The Lobster mushroom is actually a parasitic hybrid of the fluorescent red-orange fungal parasite, Hypomyces lactifluorum, and the brittle white mushroom, Russula brevipes.
Large Green Bell Peppers
Peppers are tender plants that thrive in warmer weather. Late summer and fall are best harvest times but they are grown and available year-round.
Blue Foot Mushrooms
Inventory, 5 lbs : 0
The Blue Foot mushrooms are available late fall through mid winter.
The Blue Foot mushroom, AKA blewit and Pied bleu is not a true blue mushroom, like the Blue Entoloma, which is blue inside and out. Its scientific name is Lepista nuda and it is a member of the Cortinarius family. It is an edible mushroom that can easily be mistaken for several mushrooms in the Cortinarius family which are toxic. The Blue Foot is one of the most prolific and commonly found mushrooms in its growing regions. However, cultivated blue foot mushrooms are more popular than wild, as wild harvested mushrooms vary in flavor based on the plant materials they lived on.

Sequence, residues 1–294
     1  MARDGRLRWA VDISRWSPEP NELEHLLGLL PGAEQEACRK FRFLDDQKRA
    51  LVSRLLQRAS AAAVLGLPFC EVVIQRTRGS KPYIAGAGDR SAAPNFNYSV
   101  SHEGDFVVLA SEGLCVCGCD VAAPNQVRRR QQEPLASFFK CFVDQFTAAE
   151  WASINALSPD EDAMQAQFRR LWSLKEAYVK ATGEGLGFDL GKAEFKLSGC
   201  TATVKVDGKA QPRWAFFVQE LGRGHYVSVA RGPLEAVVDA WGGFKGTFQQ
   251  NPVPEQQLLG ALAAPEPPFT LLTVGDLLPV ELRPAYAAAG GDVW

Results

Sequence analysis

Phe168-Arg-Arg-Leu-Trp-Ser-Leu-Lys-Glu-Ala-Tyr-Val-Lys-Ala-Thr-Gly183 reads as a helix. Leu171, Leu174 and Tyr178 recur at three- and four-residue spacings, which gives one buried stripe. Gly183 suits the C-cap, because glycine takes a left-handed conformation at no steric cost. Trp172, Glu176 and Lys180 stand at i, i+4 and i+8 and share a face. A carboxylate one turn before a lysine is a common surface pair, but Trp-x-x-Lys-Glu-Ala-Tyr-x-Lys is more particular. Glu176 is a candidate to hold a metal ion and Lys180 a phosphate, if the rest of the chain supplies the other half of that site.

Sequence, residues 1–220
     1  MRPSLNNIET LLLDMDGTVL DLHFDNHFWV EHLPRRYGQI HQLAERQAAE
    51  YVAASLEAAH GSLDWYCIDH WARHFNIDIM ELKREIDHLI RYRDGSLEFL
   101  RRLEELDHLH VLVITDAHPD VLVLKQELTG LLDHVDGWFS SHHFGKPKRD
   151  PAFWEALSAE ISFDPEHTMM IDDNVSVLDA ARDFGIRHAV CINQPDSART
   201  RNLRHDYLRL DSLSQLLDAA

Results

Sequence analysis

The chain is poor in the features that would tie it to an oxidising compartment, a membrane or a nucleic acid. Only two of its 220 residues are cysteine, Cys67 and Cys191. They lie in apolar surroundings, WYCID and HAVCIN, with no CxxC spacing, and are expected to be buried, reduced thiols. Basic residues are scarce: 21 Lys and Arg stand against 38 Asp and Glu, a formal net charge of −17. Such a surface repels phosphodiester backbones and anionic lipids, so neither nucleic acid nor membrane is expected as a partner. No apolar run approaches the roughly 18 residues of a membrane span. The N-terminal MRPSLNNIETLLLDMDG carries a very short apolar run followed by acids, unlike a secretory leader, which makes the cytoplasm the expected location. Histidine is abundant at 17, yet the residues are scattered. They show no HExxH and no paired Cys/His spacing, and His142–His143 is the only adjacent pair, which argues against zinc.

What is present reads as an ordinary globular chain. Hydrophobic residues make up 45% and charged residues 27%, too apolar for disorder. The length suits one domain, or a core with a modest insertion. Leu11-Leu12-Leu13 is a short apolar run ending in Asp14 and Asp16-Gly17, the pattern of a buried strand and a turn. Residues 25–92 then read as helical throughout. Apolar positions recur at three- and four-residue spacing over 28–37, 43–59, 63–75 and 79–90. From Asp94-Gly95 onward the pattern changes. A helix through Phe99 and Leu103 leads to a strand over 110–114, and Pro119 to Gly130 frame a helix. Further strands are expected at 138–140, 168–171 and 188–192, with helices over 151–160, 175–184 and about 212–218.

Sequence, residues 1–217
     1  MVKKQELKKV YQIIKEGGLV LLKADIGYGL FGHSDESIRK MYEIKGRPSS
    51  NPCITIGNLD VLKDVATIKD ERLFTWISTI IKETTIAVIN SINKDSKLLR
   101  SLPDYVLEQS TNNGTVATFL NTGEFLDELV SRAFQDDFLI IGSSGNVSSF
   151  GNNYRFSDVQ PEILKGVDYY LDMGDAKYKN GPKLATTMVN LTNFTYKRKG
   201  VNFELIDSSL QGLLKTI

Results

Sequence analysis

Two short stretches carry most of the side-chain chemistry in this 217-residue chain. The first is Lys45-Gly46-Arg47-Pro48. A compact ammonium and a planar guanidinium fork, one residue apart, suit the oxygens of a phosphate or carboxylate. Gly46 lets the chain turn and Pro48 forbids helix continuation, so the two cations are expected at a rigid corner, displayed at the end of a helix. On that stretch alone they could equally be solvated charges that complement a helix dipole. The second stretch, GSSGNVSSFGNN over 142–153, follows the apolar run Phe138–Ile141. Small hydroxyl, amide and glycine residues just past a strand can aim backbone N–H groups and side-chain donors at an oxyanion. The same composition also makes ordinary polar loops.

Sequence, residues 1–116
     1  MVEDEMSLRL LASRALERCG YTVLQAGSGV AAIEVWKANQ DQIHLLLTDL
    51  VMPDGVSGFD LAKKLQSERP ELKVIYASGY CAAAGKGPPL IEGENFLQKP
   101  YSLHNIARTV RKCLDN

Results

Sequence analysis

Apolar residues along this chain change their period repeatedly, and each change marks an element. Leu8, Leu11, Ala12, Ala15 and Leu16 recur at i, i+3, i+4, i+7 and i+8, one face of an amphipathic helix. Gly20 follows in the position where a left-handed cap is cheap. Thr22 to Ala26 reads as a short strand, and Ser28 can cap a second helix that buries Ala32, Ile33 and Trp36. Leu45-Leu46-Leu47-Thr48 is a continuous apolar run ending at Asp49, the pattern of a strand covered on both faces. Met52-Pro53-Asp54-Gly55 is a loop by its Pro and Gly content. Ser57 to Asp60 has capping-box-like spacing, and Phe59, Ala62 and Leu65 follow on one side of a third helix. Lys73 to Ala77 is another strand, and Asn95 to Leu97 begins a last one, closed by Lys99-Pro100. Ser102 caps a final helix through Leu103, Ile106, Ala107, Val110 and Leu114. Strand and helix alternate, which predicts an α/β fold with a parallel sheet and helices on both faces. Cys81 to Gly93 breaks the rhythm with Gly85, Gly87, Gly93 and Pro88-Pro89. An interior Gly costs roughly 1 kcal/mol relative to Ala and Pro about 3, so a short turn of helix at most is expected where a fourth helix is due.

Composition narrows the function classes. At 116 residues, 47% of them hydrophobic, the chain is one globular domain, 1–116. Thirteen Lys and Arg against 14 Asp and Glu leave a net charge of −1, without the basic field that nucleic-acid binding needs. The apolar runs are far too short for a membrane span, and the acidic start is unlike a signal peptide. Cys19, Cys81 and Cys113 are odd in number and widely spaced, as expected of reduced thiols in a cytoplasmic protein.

The Blue Foot mushroom is a gilled capped mushroom with spores. Its stem is thick fibrillous and stained with deep lilac. The coloring fades as the mushroom ages. Its cap is flat with a smooth top surface and purple wavy gills on its underside. Its coloring also fades with age. The flavor and aroma the Blue Foot mushroom produces is highly perfumed, though the mushroom lacks in appealing texture. This mushroom must be cooked to be considered edible.
Mushrooms are 90% water and low in calories. They are also rich in potassium, selenium, protein, and antioxidants.
Grill or oven roast blue foot mushrooms to retain their shape and texture. Can be used in a light sauce for meats, poultry or seafood. Their texture makes them a suitable meat substitute. Their intense flavor pairs well with bold flavored vegetables. To store, refrigerate in a paper bag.
The Blue Foot mushroom thrives in woodland habitats, hedgerows, even urban parks and gardens. It can be found throughout coastal northern California, specifically the Bay area. It grows in fairy rings under hardwoods and conifers. It is also common in coastal woodland habitats in Europe. Though it is a Fall-fruiting mushroom, sporadic spring fog-drips create lesser yielding harvests.